Chief Economist’s Weekly Briefing – New year, new lockdown!

A new variant of the virus has sent cases soaring,  pushing the UK into a third lockdown. With it will come a setback to the recovery. Only the vaccine can unlock its resumption.  

Vaccine the light. With the UK back into lockdown Q1 is likely to see a fall in output to start the year. It was only a few weeks ago a resumption of growth was being pencilled in by forecasters. Coming on the back of what looks to be a decline in Q4 last year the UK may have technically re-entered recession. Although it’s splitting hairs really. And the impact on growth for the year as a whole shouldn’t be particularly significant if, and it’s a big if…… 

…….vaccine rollout proceeds as planned. The government intends to reach the top four vulnerable groups, around 13m people, by mid-February. Factor in a few weeks from that point for immunity to be built and restrictions can begin to be tapered. Planning, logistics, availability of appropriate workers – there’s certainly room for slippage in any vaccination programme. So far the UK’s progress is good when compared to other countries, ahead of Europe and the US. But lags some way behind the leader Israel. 

Deep freeze. Early January tends to be quiet at the best of times but there’s an especial stillness this year. Footfall in the UK was just 38% of that seen last year, the lowest since the first spring lockdown. And you have to feel for the restaurant industry. Reservations are 2% of last year’s (0% in London). And it was a slightly more isolated Christmas then we’d hoped, with 44% of us forming a bubble, lower than the half who hoped to. It’s a tough time in many ways and about 1 in 5 of us struggled to obey the rules. Was that you? 

Gloomy. December’s Decision Maker Panel survey from the Bank of England reflected a worsening of sentiment compared to November. The expected impact of Covid-19 on both sales and employment deteriorated, -14% (vs -11% in Nov) and -7% (vs -6%) respectively for Q1-21. And this is when the fieldwork was conducted prior to tighter restrictions coming in. What’s even worse is that the participating businesses no longer expect the damage caused by the pandemic to get reversed completely in 2022 compared to their outlook in November. Overall uncertainty remained elevated despite positive news on the vaccine front and better preparedness reported by firms for Brexit.

Fast & Furious. UK new car sales have been stuck in a high speed reverse manoeuvre for most of the last year. Sales slumped by 29% (NI = -30%) in 2020 – the steepest annual fall since WW2. This equates to a loss of turnover of £20bn with sales back at 1992 levels. Every cloud has a silver lining and within the motor trade it is a green one. Last year was a record year for electric vehicle sales with hybrids and battery powered vehicles increasing their market share. Petrol and diesel sales have fallen from 89% to 71% in just 12 months. This trend is set to continue.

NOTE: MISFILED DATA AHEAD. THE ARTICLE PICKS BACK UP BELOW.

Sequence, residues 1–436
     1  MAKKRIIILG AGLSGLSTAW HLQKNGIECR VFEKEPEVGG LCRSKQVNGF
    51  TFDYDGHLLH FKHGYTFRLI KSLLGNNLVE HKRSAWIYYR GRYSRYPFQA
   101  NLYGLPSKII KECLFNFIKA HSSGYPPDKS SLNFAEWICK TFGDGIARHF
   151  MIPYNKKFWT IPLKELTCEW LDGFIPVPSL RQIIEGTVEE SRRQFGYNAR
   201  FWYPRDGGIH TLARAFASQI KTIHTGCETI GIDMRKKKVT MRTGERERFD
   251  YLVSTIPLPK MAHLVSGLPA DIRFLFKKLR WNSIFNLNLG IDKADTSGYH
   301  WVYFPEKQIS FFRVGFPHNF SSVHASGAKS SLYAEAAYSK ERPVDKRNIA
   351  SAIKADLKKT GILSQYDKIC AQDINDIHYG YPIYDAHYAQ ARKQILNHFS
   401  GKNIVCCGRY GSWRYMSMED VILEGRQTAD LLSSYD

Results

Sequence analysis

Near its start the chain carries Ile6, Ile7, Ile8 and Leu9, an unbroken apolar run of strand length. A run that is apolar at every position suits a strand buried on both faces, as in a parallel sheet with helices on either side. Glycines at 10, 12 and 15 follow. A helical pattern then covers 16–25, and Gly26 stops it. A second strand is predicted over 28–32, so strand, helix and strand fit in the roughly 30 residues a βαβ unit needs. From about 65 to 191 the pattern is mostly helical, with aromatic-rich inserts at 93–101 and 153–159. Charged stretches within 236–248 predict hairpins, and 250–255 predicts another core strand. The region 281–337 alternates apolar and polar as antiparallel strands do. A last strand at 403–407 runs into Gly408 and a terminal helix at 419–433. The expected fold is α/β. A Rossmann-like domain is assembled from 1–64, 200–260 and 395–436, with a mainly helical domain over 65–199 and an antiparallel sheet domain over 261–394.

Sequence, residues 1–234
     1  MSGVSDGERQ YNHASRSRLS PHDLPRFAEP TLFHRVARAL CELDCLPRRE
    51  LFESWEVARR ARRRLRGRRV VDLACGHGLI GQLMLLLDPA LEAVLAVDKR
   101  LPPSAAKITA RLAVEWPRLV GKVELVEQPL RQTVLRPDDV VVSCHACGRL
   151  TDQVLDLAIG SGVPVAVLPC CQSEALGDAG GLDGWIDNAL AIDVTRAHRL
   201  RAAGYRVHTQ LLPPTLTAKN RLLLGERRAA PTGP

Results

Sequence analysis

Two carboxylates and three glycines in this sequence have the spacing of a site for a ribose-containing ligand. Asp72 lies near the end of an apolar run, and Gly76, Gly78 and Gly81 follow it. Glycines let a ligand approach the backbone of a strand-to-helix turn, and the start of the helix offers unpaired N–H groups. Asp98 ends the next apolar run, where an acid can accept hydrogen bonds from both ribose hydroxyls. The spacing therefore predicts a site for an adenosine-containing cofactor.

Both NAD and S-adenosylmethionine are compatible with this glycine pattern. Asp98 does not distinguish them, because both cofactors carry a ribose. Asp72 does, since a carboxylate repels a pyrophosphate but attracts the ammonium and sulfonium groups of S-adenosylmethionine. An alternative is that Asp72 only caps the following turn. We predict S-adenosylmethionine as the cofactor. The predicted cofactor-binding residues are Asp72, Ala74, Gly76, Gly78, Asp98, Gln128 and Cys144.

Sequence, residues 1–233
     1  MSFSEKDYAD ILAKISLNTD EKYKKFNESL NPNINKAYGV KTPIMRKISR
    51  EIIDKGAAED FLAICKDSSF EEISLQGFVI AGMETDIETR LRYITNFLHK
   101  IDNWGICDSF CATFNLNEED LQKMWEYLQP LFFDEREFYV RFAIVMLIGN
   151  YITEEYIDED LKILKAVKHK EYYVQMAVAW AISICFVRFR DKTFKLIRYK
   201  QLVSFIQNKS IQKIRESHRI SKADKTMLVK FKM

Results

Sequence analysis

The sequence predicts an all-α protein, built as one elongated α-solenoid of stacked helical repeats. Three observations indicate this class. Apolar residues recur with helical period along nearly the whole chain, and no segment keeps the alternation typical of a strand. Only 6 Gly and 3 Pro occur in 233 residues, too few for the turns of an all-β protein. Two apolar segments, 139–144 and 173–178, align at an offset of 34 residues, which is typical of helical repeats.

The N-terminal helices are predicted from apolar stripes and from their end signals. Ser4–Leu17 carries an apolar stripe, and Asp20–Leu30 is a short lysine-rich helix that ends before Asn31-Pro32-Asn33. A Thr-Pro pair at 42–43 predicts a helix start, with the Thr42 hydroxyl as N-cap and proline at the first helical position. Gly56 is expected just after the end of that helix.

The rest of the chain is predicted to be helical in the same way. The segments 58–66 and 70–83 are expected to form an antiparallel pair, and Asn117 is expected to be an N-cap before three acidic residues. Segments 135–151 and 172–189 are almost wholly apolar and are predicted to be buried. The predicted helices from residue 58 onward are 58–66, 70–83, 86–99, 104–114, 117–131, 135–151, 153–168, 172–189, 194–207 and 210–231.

Time to move. The housing market’s continuing surge was the most striking point from November’s UK lending statistics. Over 100,000 mortgages for house movers were approved, the highest since 2007. But whilst the property market was firing on all cylinders the tighter Covid restrictions meant regular spending was more subdued. UK households actually paid back unsecured borrowing of £1.5bn, meaning outstanding balances are 6.7% below their level a year ago. Meanwhile deposit account balances were boosted by lower spending and transfers from savings and investments, rising by £17bn. Plenty of spending fire-power available in some places, for when the time comes to deploy it.

Done but not dusted. As the rest of the country was busy wrapping presents, the Brexit deal was finally agreed on Christmas Eve. While not quite the comprehensive free trade agreement once promised, zero tariff and zero quota trade in goods is a better deal than Canada has with the EU, although it comes with more stringent obligations on maintaining a level playing field. It also means significant costs related to red tape and border checks. While the service sector, which constitutes 80% of Britain’s economy and is the fastest-growing arrear of global exports, is largely left out, for now at least.

Downshift.  US non-farm payrolls posted a 120k fall in December 2020, following a revised 336k increase in November. This was the first monthly decline in US employment since April 2020. The main casualty last month was the consumer-facing leisure and accommodation sector (-498k) as tighter local restrictions took their toll.  Hiring persists in manufacturing and construction, but the biggest surprise was more jobs in the retail sector in December. The unemployment rate was unchanged at 6.7% last month. Weaker US labour market conditions raises the pressure for further fiscal measures in the near-term, particularly after the Democrats victory in Georgia which now provides them a (thin) majority in Congress.

Bitter-Sweet. Eurozone retail sales contracted by 6.1% m/m in November due to more stringent Covid-19 containment measures taken by most countries. France (-18% m/m) and Belgium (-16% m/m) were heavily impacted with clothing and automotive fuel taking most of the heat. But things could have improved in December. Consumer confidence ticked up as restrictions were relaxed during the holiday season and vaccine approvals lifted sentiment. But, like the UK, it will be a while before a meaningful recovery sets in as the new strain of the virus has ushered in renewed lockdowns across the continent.

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